Can Hypoglycemia Affect Fertility?

To carry out pregnancy as safely as possible, we know that the body should ideally be in optimal health. Having a health condition, such as high or low blood sugar, can make pregnancy much more difficult for a new mother.

A 2022 article published in StatPearls explains how blood sugar, more formally known as "glucose," travels through the bloodstream and provides energy to the entire body. A glucose screening test is routinely administered to pregnant women who have a risk of diabetes to monitor their blood sugar levels, according to Mount Sinai. An hour after consuming a glucose solution, an expecting mother's blood sugar should be equal to or less than 140 milligrams per deciliter (mg/dL). Elevated blood sugar levels could indicate gestational diabetes, and blood sugar levels that are too low are referred to as "hypoglycemia."

An individual with hypoglycemia will have a fasting blood sugar level of 70 mg/dL or less, reports the Mayo Clinic. In some cases, hypoglycemia can occur as a reaction to insulin and medications used to treat abnormally high blood sugar levels in individuals with diabetes. Some symptoms of hypoglycemia include sweating, tremors, headaches, nausea, and dizziness. Hypoglycemia should be treated as soon as possible, as it can lead to loss of consciousness and seizures in severe cases.

Hypoglycemia can be dangerous for anyone, but what are its effects on a pregnant woman and her developing baby? Additionally, does having low blood sugar interfere with someone's ability to get pregnant?

How hypoglycemia impacts fertility

The American Diabetes Association reports that unusually high blood sugar levels can increase the risk of conceiving a baby with a heart, kidney, brain, or spinal cord birth defect. Are low blood sugar levels also associated with such detrimental effects for a developing fetus?

According to the Centers for Disease Control and Prevention (CDC), many people who have low blood sugar also have type 1 diabetes. The CDC reports that pregnant women who have unmanaged diabetes have an increased risk of having a miscarriage or stillbirth. There are other reproductive factors that contribute to fertility issues in women with diabetes, like irregular periods, polycystic ovary syndrome (PCOS), and premature menopause, according to UNC Fertility. Diabetes doesn't only affect fertility in women, as some men with diabetes experience erectile dysfunction, an inability to ejaculate, decreased sperm count, and abnormal sperm shape.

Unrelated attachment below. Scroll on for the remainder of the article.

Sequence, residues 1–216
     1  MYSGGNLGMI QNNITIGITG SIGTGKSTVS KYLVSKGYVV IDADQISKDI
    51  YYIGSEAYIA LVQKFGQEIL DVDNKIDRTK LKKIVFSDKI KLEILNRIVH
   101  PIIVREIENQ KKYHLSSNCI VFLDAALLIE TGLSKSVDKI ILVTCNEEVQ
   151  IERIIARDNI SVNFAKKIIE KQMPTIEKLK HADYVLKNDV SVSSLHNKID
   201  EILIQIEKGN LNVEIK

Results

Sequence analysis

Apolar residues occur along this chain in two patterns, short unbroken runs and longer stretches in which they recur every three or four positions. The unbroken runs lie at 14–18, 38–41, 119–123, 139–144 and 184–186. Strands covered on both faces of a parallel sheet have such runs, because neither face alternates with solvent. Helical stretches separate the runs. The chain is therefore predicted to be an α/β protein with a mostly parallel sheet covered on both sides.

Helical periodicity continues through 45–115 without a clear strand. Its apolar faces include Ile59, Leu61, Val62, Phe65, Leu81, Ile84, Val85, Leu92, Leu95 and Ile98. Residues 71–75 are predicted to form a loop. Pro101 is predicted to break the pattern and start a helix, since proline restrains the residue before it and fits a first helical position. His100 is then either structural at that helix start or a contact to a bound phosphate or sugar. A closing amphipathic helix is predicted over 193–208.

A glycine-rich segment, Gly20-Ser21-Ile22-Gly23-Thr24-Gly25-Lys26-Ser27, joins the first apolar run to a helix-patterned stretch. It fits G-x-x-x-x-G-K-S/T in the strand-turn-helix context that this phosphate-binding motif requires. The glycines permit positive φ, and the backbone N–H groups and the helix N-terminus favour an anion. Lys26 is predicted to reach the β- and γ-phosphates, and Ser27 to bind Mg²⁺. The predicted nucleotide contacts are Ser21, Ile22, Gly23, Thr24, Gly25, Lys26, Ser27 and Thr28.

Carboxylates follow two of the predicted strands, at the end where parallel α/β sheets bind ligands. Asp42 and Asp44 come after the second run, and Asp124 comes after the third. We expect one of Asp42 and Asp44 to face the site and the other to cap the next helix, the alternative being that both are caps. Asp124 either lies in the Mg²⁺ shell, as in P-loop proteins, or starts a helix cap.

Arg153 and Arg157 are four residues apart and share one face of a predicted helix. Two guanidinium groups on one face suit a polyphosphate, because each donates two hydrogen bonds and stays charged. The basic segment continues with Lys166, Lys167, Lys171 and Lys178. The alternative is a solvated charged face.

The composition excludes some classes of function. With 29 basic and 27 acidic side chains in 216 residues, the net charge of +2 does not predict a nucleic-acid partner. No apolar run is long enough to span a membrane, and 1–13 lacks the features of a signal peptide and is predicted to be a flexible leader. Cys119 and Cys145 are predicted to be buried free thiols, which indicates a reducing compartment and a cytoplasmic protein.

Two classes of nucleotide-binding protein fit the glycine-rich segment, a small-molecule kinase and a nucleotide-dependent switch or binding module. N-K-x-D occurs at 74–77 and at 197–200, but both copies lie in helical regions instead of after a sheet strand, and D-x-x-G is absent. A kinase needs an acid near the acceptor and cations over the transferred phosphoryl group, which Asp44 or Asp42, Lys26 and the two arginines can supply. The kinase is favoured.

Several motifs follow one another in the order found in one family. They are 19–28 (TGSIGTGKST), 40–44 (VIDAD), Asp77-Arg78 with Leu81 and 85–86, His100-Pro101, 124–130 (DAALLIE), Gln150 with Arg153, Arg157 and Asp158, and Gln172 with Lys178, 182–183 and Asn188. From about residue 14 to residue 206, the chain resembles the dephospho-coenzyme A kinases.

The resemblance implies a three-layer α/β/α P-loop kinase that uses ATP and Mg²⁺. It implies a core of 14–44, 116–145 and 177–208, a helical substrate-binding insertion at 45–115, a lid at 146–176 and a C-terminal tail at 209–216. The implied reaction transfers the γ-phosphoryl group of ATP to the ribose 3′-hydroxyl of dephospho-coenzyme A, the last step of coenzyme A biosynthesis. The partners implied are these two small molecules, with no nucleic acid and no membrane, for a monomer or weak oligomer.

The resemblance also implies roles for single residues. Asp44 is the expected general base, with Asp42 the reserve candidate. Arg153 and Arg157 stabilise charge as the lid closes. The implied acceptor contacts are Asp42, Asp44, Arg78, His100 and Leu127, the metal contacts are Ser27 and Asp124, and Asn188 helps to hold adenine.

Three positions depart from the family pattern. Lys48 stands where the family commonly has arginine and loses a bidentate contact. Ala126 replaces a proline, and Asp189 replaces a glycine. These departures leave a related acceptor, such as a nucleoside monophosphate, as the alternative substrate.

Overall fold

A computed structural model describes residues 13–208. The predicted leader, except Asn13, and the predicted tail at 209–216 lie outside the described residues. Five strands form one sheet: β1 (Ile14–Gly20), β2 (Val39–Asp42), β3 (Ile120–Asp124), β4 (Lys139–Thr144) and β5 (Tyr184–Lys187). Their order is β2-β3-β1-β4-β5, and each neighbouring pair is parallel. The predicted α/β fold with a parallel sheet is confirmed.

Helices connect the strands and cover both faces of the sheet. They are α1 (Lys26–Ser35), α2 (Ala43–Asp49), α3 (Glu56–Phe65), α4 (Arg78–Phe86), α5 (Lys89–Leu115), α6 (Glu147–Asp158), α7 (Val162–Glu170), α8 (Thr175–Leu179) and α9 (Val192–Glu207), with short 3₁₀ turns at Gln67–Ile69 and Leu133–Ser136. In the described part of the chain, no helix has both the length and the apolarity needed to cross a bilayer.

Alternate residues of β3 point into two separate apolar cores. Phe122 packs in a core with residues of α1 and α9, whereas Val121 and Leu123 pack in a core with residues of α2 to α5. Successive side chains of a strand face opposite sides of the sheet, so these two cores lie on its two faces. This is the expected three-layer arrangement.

Consistent low blood sugar levels during pregnancy may be associated with stunted growth of the fetus and babies born smaller than the typical size for their gestational age, per a 2020 article published in Frontiers in Diabetes. Hypoglycemia in a mother may also contribute to damage to the fetal beta cells that produce insulin. The role of hypoglycemia as a teratogen for a fetus is still up for debate, and further research needs to be conducted to gain more clarity. 

An expecting mother who lives with diabetes or experiences low blood sugar levels can, however, learn how to manage her condition and have a healthy pregnancy.

How to manage hypoglycemia

The first step to managing your blood sugar levels during your pregnancy is to be able to recognize when they are low. However, hypoglycemia may not always be easy to detect because some people don't show symptoms or their bodies stop showing symptoms after a period of time. This can happen if the body has become accustomed to having low blood sugar, explains the Cleveland Clinic. Asking for additional help from loved ones and receiving regular blood sugar checkups can help someone keep track of when they are experiencing hypoglycemia. Continuous glucose monitoring (CGM) devices are also able to notify someone when their blood sugar is low. 

The American Diabetes Association describes the "15-15 rule" used to treat individuals with hypoglycemia, which entails consuming 15 grams of carbohydrates to increase blood sugar levels. Some examples of carbohydrates that someone can try are sugar tablets, juice, regular soda, hard candies, honey, and corn syrup. After 15 minutes, blood sugar levels should be checked again to see if they have reached 70 mg/dL or more. This process is repeated until blood sugar levels are back to normal. To maintain a healthy blood sugar level, it's recommended to eat a snack afterward. It's important to avoid eating too much at once, as this can cause your blood sugar levels to spike.

Someone with hypoglycemia may also choose to seek out additional resources, such as nutrition counseling with a registered dietitian, notes the Mayo Clinic